London theatre funded by Alan Sugar in legal case that could affect use of construction bonds
Hackney Empire, the theatre backed by Alan Sugar, is suing insurer Aviva for £1.1m over a construction dispute, which could affect the use of construction bonds.
The case concerns Aviva’s refusal to pay up when the theatre’s contractor and project manager, Sunley Turriff Construction (STC), went into administration in 2003 despite having agreed a £1.1m bond with the contractor.
The London theatre, which is funded by Lord Sugar, lodged a writ claiming the sum in damages from Aviva after STC went into administration during a £15m renovation of the venue.
In the writ Hackney Empire claims it is entitled to the sum on the grounds that STC defaulted on its building contract.
Aviva claims the contract became invalidated when the theatre forwarded a sum of £500,000 to STC to ease cash-flow problems at the company.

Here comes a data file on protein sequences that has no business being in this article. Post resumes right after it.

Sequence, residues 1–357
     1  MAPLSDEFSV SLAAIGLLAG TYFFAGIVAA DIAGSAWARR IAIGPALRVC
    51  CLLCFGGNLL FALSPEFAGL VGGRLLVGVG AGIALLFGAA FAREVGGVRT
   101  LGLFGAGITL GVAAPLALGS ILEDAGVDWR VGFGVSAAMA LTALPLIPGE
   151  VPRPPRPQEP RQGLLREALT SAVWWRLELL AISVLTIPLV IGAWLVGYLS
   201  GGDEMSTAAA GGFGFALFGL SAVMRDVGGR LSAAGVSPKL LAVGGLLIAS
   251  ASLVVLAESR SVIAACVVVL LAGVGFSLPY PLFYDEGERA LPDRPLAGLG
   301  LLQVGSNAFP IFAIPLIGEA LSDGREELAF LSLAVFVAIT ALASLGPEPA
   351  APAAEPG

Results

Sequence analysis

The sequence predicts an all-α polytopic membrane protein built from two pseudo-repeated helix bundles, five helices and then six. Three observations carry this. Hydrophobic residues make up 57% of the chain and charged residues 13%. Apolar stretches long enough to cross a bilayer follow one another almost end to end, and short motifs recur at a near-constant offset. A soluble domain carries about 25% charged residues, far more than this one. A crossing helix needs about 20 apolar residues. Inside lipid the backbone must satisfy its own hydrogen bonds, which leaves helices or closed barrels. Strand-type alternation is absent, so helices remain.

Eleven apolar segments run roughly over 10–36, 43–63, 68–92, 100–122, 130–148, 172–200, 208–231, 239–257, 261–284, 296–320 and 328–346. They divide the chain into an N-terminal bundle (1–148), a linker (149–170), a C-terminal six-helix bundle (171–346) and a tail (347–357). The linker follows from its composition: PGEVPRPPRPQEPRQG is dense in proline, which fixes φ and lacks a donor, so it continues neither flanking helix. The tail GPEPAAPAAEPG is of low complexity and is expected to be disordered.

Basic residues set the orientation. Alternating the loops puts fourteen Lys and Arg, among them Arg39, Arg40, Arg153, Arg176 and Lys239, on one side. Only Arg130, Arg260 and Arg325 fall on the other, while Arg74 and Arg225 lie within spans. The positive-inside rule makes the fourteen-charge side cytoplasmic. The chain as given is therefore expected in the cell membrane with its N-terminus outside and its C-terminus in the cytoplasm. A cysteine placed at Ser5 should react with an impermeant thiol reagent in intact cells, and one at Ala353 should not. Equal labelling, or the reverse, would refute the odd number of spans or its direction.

Work on the Victorian theatre started in September 2001 with Lord Sugar donating about £1.3m to the project. The Arts Council contributed £5m and the Heritage Lottery Fund nearly £4m.
STC had agreed to complete works by 2 September 2002 but the date was revised several times as the contractor - whose turnover averaged £100m - suffered diminishing margins. It was finally completed in 2004.
An agreement was eventually reached that Hackney Empire would assist STC with its cash-flow problems, resulting in a payment of £500,000 to STC.
Work halted when 80 workers walked off site after hearing STC had gone into administration.
Christopher Hill of law firm Norton Rose said the outcome of the case is likely to have a bearing on construction bonds.
“Essentially this case boils down to a bond covering a client in circumstances where one would normally expect it to do so - like when a contractor becomes insolvent,” he said.
“The type of third party product offered by Aviva in this case is one which has a high uptake in the construction industry. Depending on the outcome of this case insurers may market it at a higher price and increase the conditions.”
Aviva declined to comment.